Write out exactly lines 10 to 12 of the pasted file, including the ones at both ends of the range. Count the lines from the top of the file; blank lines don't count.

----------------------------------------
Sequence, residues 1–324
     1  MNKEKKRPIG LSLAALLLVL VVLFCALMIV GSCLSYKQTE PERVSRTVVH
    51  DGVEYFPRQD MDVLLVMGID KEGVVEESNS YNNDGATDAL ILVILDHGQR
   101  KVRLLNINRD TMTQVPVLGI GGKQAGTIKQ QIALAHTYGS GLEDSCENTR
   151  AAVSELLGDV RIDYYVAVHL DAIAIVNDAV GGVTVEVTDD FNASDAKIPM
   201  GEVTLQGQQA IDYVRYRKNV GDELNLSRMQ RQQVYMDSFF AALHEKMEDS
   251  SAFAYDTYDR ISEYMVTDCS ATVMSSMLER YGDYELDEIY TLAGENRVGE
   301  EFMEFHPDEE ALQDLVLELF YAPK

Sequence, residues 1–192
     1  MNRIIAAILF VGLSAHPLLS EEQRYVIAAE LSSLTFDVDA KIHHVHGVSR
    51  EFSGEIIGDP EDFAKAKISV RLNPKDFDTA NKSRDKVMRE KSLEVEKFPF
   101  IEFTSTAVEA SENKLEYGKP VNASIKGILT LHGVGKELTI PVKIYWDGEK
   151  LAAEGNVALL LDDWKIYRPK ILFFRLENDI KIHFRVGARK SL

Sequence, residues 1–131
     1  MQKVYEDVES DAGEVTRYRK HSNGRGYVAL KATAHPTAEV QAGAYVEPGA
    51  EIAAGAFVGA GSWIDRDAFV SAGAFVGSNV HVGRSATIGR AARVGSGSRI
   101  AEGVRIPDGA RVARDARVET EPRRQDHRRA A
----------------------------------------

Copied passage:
     1  MNRIIAAILF VGLSAHPLLS EEQRYVIAAE LSSLTFDVDA KIHHVHGVSR
    51  EFSGEIIGDP EDFAKAKISV RLNPKDFDTA NKSRDKVMRE KSLEVEKFPF
   101  IEFTSTAVEA SENKLEYGKP VNASIKGILT LHGVGKELTI PVKIYWDGEK